Headaches are often caused by disorders of the neck or physical and emotional tension. Physiotherapists can successfully treat most headaches and show you how to prevent the pain recurring.
Is Your Headache Really a Neck Ache?

For many people, feelings of pain and tension start at the top of the neck. As the pain worsens, it may spread to the back of the head, the temples, forehead or behind the eyes. Moving the neck or bending forward for a long time tends to make it worse.

This happens because the nerves in the upper part of your neck are connected to the nerves in your head and face. A disorder of the upper neck joints or muscles can cause referred pain to your head.

Any of the following points suggest that your neck may be causing the headache:
bullet Headache associated with neck pain. Does the pain radiate from the back to the front of your head?
bullet Headache with dizziness or light-headedness.
bullet Headache brought on or worsened by neck movement or staying in the same position for a long time.
bullet Headache which always feels worse on the same side of your head.
bullet Headache eased by pressure to the base of the skull.
bullet Headache which persists after your doctor has checked for other causes.
Headache can be caused by a tense posture
Headache can be caused by a tense posture. You may be hunching your shoulders without realising it.
A disorder of the upper neck joints or muscles can cause referred pain to your head.
Headaches from Other Causes

Emotional tension and anxiety can cause the muscles at the base of the head and jaw to become very tight, irritating the nerves and restricting blood flow. This produces a headache.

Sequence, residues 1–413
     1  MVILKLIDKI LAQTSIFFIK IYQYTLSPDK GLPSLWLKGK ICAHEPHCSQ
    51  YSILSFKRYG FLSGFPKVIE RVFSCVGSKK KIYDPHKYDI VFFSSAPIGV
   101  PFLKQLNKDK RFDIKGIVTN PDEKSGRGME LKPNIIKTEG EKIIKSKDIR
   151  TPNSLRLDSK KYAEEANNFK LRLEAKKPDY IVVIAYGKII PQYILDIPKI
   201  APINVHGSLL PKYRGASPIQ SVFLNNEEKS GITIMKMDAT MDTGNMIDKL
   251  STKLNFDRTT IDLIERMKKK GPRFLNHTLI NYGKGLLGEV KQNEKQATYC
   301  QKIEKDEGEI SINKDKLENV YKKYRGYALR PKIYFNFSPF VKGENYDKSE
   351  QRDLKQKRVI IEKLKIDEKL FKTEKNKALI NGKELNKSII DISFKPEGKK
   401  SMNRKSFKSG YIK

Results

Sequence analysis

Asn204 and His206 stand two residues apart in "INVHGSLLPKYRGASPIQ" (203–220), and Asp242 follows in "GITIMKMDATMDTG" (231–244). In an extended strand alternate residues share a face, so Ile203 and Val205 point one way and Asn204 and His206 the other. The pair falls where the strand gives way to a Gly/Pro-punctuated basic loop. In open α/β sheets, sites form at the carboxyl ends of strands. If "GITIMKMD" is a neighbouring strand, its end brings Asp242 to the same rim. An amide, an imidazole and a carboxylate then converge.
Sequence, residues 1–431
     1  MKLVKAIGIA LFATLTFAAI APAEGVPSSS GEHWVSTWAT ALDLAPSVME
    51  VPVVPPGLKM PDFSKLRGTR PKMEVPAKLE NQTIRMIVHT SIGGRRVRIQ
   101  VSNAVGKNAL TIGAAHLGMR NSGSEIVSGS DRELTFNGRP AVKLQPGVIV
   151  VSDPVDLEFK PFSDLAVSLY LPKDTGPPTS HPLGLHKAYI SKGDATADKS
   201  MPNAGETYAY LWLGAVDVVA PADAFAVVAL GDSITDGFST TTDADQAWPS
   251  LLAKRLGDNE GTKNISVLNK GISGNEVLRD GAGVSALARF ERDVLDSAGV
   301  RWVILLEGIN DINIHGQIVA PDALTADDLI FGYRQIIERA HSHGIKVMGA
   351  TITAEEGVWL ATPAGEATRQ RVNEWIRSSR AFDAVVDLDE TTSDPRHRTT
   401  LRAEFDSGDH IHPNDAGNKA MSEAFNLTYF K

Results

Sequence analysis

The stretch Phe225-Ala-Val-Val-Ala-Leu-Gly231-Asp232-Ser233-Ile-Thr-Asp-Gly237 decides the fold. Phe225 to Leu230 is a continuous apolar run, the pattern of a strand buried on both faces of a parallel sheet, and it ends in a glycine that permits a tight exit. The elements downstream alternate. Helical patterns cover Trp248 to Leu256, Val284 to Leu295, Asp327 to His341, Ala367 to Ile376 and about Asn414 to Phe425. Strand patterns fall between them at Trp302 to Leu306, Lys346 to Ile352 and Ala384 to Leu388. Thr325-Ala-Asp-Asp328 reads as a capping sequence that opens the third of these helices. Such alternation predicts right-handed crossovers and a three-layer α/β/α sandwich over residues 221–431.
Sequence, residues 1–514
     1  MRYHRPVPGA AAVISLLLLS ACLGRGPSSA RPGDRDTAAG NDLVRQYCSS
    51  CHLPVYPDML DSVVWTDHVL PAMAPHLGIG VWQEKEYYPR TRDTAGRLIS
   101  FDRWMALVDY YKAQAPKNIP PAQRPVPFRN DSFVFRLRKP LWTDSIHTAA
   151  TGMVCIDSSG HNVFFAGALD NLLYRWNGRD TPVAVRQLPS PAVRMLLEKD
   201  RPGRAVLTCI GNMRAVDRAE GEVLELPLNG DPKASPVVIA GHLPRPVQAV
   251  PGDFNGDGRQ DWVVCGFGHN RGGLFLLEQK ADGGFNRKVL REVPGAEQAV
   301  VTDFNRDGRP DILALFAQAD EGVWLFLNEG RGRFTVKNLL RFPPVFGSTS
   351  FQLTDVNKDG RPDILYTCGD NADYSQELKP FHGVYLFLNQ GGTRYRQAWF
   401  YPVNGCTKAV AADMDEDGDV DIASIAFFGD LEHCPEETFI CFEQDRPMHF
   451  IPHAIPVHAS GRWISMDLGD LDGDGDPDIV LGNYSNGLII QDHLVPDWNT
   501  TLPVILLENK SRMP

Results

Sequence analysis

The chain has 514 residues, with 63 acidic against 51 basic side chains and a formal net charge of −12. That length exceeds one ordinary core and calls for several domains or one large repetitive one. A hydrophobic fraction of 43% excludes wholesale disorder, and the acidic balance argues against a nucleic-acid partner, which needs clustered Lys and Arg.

If migraine, allergic reactions or other causes are suspected, your physiotherapist will recommend that you see a medical practitioner.

Here is some useful advice to help you prevent headaches:

Think tall: chest lifted, shoulders relaxed, chin tucked in and head level. Your neck should feel strong, straight and relaxed.

Avoid working with your head down for long periods. Stretch and change position frequently.

A down pillow or urethane moulded pillow is best for most people. Talk to your physiotherapist.

Keep your neck joints and muscles flexible and strong with correct neck exercises. Your physiotherapist can show you how.

Recognise when you are tense. You may be hunching your shoulders or clenching your teeth without realising it.
How Physiotherapists Can Help

Physiotherapists are experts in posture and human movement. They will be able to determine if your neck is causing the headaches. Physiotherapists may use:
bullet Mobilisation
bullet Manipulation
bullet Massage
bullet Remedial exercise
bullet Postural assessment, correction and advice
bullet Relaxation therapy
bullet Laser, ultrasound, electrotherapy and heat treatment
Your physiotherapist can also offer you self-help advice on ways to correct the cause of headaches, such as practical tips for work and in the home, adjusting furniture, relaxation and exercise.

Physiotherapist Physiotherapists use a range of techniques to treat neck headaches.
Manipulation can be an effective treatment for headache caused by neck problems. In some situations, it may do more harm than good. Your physiotherapist will carefully check your neck before manipulating it to see if other methods, such as mobilisation would be preferable.
Finding a Physiotherapist

A doctor's referral is not required to see a physiotherapist in private practice. Physiotherapists in private practice are listed in the Yellow Pages under 'Physiotherapists'. Physiotherapists also work in public hospitals and community health centres.

A proportion of treatment costs is rebatable under all higher table health insurance schemes.
APA Top of page

Move well. Stay well.
By courtesy of the Australian Physiotherapy Association